This week I observed a good deal of buzz in the blog and online venues about Norwegian Cruise Line adding ala carte pricing to several speciality dining options on their ships. This on top of surcharges in the traditional main dining room for premium items and late night room service. The collective reaction has been to bemoan the perceived death of traditional cruising and the rise of nickel and diming passengers. However I think on balance the reaction is greatly overstated.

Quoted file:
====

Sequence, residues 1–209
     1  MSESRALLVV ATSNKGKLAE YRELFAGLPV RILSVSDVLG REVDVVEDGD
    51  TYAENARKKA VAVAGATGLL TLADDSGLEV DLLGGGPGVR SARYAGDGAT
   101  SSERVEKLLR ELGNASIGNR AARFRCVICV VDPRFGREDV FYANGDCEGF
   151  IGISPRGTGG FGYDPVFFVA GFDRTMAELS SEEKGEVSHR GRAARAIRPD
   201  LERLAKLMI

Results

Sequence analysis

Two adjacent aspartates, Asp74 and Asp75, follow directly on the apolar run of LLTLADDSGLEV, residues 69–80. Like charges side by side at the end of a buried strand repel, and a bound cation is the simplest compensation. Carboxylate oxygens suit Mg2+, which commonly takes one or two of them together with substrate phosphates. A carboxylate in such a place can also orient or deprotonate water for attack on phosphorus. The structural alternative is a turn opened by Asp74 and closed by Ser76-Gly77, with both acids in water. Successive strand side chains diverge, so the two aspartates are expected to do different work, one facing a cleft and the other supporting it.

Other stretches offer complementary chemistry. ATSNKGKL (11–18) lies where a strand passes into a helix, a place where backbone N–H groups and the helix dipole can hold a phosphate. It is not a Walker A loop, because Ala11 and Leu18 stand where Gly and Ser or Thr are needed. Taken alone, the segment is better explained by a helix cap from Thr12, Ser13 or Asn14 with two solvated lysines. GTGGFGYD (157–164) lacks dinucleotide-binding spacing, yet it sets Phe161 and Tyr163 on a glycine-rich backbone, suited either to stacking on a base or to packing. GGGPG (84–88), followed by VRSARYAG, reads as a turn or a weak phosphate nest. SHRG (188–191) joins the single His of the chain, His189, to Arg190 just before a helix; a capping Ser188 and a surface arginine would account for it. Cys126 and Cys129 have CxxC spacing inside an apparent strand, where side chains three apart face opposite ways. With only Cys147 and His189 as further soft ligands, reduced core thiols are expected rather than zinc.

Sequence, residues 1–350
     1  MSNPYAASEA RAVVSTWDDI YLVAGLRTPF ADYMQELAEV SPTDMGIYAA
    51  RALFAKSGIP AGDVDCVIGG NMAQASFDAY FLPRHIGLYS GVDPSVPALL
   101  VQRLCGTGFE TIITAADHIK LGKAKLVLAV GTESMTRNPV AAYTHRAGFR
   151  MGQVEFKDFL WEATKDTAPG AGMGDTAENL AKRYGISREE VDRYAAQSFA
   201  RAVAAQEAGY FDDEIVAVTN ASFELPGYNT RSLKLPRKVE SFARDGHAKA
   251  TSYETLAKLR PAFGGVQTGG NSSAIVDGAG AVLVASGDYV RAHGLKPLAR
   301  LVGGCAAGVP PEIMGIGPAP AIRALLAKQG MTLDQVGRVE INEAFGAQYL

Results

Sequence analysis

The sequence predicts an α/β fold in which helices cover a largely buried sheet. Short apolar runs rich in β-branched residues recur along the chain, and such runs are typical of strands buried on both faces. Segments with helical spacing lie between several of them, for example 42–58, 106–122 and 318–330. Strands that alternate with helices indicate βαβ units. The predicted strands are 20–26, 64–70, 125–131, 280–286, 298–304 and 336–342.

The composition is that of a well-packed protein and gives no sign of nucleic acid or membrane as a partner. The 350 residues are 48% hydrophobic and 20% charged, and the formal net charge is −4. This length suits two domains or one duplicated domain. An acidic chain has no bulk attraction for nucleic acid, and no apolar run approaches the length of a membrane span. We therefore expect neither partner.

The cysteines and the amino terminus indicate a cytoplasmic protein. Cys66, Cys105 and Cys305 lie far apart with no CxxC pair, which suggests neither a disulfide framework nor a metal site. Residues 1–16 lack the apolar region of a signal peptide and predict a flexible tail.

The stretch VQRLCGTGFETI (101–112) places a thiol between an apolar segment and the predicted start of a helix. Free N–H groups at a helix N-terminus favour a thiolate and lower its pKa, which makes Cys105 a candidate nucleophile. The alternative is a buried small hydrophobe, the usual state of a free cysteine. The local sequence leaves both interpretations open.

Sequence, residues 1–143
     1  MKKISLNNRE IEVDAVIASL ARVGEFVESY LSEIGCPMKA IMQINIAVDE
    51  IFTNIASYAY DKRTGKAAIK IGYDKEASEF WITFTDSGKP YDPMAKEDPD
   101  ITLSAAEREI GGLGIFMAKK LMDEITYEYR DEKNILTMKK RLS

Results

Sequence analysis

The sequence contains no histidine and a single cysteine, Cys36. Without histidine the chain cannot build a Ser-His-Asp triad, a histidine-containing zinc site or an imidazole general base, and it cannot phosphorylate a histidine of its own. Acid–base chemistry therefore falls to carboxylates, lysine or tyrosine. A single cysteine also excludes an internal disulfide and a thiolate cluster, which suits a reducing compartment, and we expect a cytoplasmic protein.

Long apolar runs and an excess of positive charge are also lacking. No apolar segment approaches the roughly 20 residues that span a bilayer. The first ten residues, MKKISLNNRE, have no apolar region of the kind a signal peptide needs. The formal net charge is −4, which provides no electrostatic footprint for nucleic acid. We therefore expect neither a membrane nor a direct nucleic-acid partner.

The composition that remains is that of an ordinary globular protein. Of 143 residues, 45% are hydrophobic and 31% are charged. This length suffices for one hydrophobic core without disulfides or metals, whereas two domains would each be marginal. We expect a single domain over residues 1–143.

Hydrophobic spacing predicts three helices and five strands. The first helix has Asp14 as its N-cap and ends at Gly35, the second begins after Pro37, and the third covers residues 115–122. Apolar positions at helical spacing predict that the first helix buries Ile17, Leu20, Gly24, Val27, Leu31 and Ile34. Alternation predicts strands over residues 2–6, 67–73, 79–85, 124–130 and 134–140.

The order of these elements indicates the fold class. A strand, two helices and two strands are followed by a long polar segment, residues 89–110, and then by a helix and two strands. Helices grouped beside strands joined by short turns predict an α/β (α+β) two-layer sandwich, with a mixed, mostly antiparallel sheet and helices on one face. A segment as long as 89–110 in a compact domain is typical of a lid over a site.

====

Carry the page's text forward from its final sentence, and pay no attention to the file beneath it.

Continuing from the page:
NCL made a name for itself over a decade ago, when the line was struggling to find an identity for itself amidst fierce competition from Royal Caribbean and the Carnival brands. Still owned by an asian cruise company that had failed miserably to manage NCL well, in 2000 “Freestyle Cruising” was introduced. A bold marketing move, it featured giving passengers the ability to book their meal times and locations in various shipboard restaurants. Naturally, the cruising establishment bemoaned the death of traditional main dining room meals-which did not and has yet to happen. This came a couple of years following Royal Caribbean introducing the first premium dining options aboard the Voyager Class of ships-which also were lamented as some harbinger of doom for main dining.